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Tuesday, 4 September, 2001, 05:50 GMT 06:50 UK
Vote defeat sinks S Korea cabinet
South Korean National Assembly
Seoul's policy towards the North is under close scrutiny
South Korea's cabinet has offered to resign en masse, a day after parliament passed a motion of no-confidence in the minister in charge of dealings with the North.

Prime Minister Lee Han-dong and 21 other cabinet members tendered their resignations to allow President Kim Dae-jung a free hand to reshuffle his administration, the premier's office said.

A major cabinet shake-up had seemed inevitable after members of the governing coalition voted on Monday with the opposition against the unification minister, Lim Dong-won.

The vote - passed by 148 votes to 119 - came just hours after North Korea had made an official proposal to Seoul for a resumption of talks between the two countries.

China's President Jiang Zemin, on a visit to North Korea, has declared support for such a move.

Lim Dong-won is a key figure in promoting Seoul's "sunshine" policy aimed at constructively engaging the north. He said he would tender his resignation on Tuesday.

Policy undermined

The BBC's Caroline Gluck in Seoul says the vote is not legally binding but it will increase pressure on President Kim Dae-jung to dismiss his minister. That would throw the "sunshine" policy into disarray.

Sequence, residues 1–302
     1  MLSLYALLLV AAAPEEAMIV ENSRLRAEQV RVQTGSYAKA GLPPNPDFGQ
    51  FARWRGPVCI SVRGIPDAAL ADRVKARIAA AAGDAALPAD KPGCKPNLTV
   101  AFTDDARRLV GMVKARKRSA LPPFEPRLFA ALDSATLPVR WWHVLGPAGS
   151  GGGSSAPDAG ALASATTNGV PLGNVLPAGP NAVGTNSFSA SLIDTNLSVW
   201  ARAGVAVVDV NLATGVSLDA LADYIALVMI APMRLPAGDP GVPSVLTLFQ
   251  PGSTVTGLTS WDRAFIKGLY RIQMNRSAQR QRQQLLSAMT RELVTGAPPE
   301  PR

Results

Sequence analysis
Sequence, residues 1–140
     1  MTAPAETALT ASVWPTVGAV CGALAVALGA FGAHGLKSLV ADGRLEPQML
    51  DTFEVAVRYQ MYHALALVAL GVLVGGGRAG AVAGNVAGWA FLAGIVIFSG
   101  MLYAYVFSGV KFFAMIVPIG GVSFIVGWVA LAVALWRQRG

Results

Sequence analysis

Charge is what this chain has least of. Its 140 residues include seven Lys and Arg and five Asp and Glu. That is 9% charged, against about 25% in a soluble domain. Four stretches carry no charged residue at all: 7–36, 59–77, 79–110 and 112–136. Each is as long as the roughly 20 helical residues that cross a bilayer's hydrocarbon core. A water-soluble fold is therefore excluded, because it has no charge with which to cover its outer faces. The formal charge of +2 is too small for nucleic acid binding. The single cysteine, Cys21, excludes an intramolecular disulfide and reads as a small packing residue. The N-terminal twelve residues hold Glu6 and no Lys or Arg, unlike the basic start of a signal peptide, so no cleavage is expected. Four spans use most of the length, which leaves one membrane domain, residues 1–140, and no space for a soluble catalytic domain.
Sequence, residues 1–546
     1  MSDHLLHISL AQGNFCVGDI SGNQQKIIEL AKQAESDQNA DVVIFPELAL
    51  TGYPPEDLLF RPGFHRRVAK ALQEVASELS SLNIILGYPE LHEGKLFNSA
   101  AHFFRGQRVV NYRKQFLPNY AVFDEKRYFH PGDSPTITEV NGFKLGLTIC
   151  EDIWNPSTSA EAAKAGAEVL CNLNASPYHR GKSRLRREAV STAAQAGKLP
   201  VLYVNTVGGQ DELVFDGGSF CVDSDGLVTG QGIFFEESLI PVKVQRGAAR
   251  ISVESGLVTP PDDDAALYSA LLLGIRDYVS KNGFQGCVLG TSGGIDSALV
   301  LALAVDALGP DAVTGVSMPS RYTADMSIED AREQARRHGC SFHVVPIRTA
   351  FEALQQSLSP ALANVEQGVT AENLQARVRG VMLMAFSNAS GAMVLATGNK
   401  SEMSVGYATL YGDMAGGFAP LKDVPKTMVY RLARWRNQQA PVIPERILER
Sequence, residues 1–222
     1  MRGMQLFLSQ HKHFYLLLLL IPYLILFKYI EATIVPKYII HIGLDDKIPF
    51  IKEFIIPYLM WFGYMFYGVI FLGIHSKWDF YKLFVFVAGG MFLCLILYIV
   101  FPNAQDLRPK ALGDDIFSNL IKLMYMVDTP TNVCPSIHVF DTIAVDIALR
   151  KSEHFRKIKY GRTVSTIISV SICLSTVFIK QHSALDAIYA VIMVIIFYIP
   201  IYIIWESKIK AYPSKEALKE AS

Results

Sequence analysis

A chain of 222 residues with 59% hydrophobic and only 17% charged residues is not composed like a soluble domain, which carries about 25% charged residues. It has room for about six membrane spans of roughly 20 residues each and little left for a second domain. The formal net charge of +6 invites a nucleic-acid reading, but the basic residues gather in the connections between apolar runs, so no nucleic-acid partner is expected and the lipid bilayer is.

Lim Dong-won
Lim has played a key role in Seoul's "sunshine" policy
The inter-Korean dialogue has been frozen for the past six months, with North Korea unhappy with the tougher line coming from the Bush administration in Washington.

South Korea's main opposition party, the Grand National Party, said Mr Lim's approach to North Korea had failed.

It had called on him to take responsibility for a controversial visit to North Korea last month by a delegation of more than 300 South Korean civic leaders.

Seven of the delegates were later arrested and charged with violating South Korea's anti-communist national security law, which bans activities praising the communist north.

MPs sceptical

Mr Lim, a former head of the national intelligence service, is a close confidant of the president.

South and North Korean soldiers at border
There has been no cross-border dialogue for six months
Our correspondent says many of the national assembly members feel that rapprochement with the North has been costly and brought little benefit to the South.

The no-confidence vote is also a blow to President Kim's shaky minority coalition government. His key ally, the small Conservative United Liberal Democrats, had earlier announced it would support the vote.

North and South Korea have technically been at war for more than half a century, as no peace treaty was signed at the end of their 1950-53 conflict.

 WATCH/LISTEN
 ON THIS STORY
The BBC's Caroline Gluck
"The vote in favour of dismissal dealt a fatal blow"
Professor Jong Son Noh, Korean analyst
"It is a great shock to everyone living in Korea"
See also:

04 Sep 01 | Asia-Pacific
Analysis: South Korea's options
03 Sep 01 | Asia-Pacific
Chinese president visits North Korea
03 Sep 01 | Asia-Pacific
North Korea makes official talks offer
01 Sep 01 | From Our Own Correspondent
Life in the secret state
06 Jun 01 | Asia-Pacific
S Korea calls for new summit
08 Mar 01 | Asia-Pacific
Seoul's fears over Bush
08 Mar 01 | Asia-Pacific
Bush rules out North Korea talks
22 Feb 01 | Asia-Pacific
N Korea threatens end to missile deal
13 Oct 00 | Asia-Pacific
Kim Dae-jung: Korean peacemaker
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